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Review: Pygmalion, Theatre Royal, Newcastle

Alistair McGowan leads the cast as Henry Higgins in George Bernhard Shaw's classic. Julian Laffin caught the show

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Manuel Harlan Alistair McGowan in a scene from Pygmalion
Alistair McGowan in a scene from Pygmalion

Pygmalion is a classic that dictates an audience with high expectations as they sit down to see Eliza Doolittle learn to talk posh.

We were not disappointed. The cast met these without exception, delivering performances effortlessly and displaying good chemistry between all players.

Well known for his countless achievements in the world of comedy - and voices to match - Alistair McGowan was perhaps the most appropriate choice possible to play Henry Higgins, the phonetics expert fascinated by accents.

Eliza Doolittle, played by Rachel Barry, meets him by chance on a wet dreary night when trying to sell flowers to the Eynsford-Hill family, who are waiting at Covent Garden for a taxi.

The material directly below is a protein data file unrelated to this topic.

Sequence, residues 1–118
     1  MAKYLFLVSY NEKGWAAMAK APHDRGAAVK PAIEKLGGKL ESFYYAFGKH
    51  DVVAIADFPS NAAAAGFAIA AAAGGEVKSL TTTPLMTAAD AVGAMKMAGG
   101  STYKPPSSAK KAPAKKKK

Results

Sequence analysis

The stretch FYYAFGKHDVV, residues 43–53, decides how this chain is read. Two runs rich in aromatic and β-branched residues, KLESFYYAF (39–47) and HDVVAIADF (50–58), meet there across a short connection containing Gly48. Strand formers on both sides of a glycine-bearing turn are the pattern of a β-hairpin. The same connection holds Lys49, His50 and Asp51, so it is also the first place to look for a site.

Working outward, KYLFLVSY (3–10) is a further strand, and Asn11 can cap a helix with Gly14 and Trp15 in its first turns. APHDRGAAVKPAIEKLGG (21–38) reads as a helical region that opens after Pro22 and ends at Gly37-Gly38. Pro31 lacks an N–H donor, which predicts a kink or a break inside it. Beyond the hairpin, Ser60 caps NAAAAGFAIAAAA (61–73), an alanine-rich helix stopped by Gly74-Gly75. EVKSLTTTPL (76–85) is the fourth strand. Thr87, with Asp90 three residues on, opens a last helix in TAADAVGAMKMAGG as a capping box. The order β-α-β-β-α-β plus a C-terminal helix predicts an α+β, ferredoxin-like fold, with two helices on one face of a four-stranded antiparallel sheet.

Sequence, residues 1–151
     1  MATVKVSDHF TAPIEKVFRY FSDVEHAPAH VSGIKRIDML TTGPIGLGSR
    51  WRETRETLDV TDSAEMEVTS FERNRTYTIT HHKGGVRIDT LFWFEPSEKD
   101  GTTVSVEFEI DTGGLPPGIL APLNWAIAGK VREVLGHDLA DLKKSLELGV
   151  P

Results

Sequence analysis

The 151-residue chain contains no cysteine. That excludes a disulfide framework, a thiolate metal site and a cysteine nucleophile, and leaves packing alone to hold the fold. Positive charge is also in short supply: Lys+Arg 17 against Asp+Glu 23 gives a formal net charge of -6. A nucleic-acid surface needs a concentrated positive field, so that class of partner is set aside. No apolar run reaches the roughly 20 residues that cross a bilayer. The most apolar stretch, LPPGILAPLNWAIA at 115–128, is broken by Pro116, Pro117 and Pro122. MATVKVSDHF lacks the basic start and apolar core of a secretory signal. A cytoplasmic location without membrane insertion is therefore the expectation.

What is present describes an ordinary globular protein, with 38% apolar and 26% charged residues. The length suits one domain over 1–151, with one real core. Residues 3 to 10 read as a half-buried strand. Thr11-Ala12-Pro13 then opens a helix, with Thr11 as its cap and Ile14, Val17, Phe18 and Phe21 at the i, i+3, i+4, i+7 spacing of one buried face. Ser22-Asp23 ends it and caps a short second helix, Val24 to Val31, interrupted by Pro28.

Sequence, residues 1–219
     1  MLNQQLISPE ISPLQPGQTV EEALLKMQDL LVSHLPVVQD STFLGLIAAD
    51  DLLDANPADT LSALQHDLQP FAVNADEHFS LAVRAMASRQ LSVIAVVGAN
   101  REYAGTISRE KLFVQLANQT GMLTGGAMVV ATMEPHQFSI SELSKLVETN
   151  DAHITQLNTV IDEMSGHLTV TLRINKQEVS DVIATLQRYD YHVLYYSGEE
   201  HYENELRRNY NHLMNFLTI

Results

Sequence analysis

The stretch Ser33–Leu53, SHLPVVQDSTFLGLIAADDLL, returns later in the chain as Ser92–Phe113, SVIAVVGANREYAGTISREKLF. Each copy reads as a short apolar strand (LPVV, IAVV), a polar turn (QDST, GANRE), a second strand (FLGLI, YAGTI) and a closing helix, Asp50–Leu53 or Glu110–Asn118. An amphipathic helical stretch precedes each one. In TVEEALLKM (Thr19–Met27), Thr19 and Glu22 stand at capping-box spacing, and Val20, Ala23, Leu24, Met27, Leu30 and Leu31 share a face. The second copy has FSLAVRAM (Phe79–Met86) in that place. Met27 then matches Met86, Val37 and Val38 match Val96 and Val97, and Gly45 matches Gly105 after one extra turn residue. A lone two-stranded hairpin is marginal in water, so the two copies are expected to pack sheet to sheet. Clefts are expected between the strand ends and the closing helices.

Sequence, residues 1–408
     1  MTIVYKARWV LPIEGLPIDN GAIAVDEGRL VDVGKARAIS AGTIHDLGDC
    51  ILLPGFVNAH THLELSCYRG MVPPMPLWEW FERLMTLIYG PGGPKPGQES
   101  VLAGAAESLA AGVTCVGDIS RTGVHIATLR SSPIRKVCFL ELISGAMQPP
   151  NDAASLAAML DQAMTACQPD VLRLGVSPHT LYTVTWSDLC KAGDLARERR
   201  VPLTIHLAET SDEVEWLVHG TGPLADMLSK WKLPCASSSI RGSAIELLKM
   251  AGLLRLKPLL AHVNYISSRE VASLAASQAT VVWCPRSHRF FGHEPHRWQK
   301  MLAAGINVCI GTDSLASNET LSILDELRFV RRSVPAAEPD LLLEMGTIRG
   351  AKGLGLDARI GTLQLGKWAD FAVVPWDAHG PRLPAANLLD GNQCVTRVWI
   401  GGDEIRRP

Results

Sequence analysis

Mr Higgins claims he could teach anyone to speak like a Duchess, and after running into fellow phonetics enthusiast Colonel Pickering, is visited by Eliza, and so the story unfolds.

The two leads work well together and have some hilarious moments as we watch them try to cope with each other.

Colonel Pickering, played by Paul Bright becomes a mediator between the two, while Jamie Foreman has everyone laughing by playing cheeky chap Eliza’s father, Alfred. Rula Lenska also puts in a terrific turn as the grand Mrs Higgins.

But while the actors undoubtedly fall into their allotted place perfectly, the play itself seemed to end without the audience quite realising it.

There was no tension to relieve after a last act full of lengthy dialogue that did not so bring the story home, but drop it off at the end of the road.

The message of kindness being what makes people good, rather than how they speak was heard loud and clear - and in perfectly delivered English of course - but the parting of Henry and Eliza should have seemed a lot more final than it was.

Nonetheless, Pygmalion left me with a big grin on my face... while vowing to work on my diction.

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